A hydrologist studies the physical properties of the earth's water systems by performing extensive field and laboratory research. He or she may study the role of water in an ecosystem, measure the amount of rainfall in a certain area, or test water samples to determine the presence of pollutants. Most hydrologists work for universities, private research institutions, government agencies, environmental protection organizations, and engineering consultation firms.
Research hydrologists frequently dedicate months or even years to specific projects which require tracking changes in water systems over time. A scientist might determine the amount of ground or surface water in a given area, the rate of precipitation, and the ways in which water is used by people, plants, and animals. He or she might also gather data about the negative or positive effects of human activity on a marine ecosystem.
A hydrologist might take samples directly from lakes, streams, or other water sources to analyze water content and check for pollutants. He or she might also retrieve nearby soil and plant samples to determine the effects of water pollution on living organisms. Hydrologists often conduct several laboratory trials to verify their results and write detailed scientific papers based on their findings.
Outside of research institutions, scientists may work for engineering firms, federal and state governments, and nonprofit environmental groups. Those who are employed by engineering and consulting firms ensure that buildings and industries do as little harm as possible to nearby water sources. They may be responsible for designing efficient, clean water systems for use within a company, or devising waste management programs that do not have negative impacts on the environment. Government and nonprofit hydrologists are often involved in conservation and awareness efforts, teaching people about the dangers of polluting water systems and wasting valuable water resources.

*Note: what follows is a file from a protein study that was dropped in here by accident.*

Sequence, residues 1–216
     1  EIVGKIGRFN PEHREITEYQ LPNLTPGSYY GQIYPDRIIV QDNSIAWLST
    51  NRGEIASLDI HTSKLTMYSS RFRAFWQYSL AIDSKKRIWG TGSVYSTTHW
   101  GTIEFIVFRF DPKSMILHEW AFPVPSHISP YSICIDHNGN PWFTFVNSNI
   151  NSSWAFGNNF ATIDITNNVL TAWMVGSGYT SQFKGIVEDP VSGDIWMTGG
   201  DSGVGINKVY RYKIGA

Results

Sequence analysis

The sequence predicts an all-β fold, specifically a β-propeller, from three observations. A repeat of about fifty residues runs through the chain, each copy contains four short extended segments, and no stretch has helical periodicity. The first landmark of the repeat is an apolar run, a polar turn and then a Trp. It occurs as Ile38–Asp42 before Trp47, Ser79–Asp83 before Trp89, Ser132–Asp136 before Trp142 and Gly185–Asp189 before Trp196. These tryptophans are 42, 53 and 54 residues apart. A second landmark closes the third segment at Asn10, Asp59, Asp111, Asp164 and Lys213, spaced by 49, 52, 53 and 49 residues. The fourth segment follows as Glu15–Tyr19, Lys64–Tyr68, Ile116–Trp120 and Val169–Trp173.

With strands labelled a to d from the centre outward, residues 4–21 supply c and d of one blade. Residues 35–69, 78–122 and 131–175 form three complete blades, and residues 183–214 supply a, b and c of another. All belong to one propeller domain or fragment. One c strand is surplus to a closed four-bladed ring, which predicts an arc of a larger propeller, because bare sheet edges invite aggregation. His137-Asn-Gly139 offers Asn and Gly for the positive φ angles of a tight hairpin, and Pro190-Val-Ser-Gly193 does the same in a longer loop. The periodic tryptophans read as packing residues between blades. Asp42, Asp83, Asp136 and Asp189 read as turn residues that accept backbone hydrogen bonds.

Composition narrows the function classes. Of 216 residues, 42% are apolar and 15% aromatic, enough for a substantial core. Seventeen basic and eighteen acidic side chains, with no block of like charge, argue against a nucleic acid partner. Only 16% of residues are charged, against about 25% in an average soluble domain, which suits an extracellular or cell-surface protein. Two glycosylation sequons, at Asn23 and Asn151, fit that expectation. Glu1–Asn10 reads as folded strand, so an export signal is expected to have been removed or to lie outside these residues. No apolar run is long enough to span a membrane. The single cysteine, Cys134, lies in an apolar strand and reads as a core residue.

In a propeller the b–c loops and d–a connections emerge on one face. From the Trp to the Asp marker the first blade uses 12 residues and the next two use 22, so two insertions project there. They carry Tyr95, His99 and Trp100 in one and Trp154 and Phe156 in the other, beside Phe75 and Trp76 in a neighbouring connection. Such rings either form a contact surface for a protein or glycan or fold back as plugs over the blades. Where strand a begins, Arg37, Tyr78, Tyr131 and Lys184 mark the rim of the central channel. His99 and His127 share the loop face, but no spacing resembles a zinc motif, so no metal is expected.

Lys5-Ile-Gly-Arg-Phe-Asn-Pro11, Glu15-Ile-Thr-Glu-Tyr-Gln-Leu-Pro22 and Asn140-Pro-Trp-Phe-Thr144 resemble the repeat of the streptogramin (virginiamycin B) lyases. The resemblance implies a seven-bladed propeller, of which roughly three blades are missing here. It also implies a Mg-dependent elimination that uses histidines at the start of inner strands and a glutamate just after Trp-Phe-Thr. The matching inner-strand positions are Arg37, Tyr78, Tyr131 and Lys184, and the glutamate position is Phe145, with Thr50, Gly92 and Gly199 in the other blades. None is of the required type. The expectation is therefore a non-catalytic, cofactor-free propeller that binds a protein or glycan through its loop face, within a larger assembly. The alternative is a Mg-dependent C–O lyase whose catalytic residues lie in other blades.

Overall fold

To become a hydrologist, a person must typically have at least a master's degree in hydrology, environmental science, or a related scientific discipline. Many government employees, university professors, and individuals who conduct independent research hold doctoral degrees. Additional licensing or certification is not typically required, though a hydrologist may choose to take a certifying exam administered by a nationally recognized organization, such as the American Institute of Hydrology in the United States.
Most new scientists begin their careers as field and laboratory assistants, learning about practical research techniques firsthand from experienced hydrologists. Assistants may be responsible for setting up experiments, entering data, and interpreting results. After a certain period of time working as an assistant, a hydrologist who proves his or her competency can begin designing new projects and conducting independent research.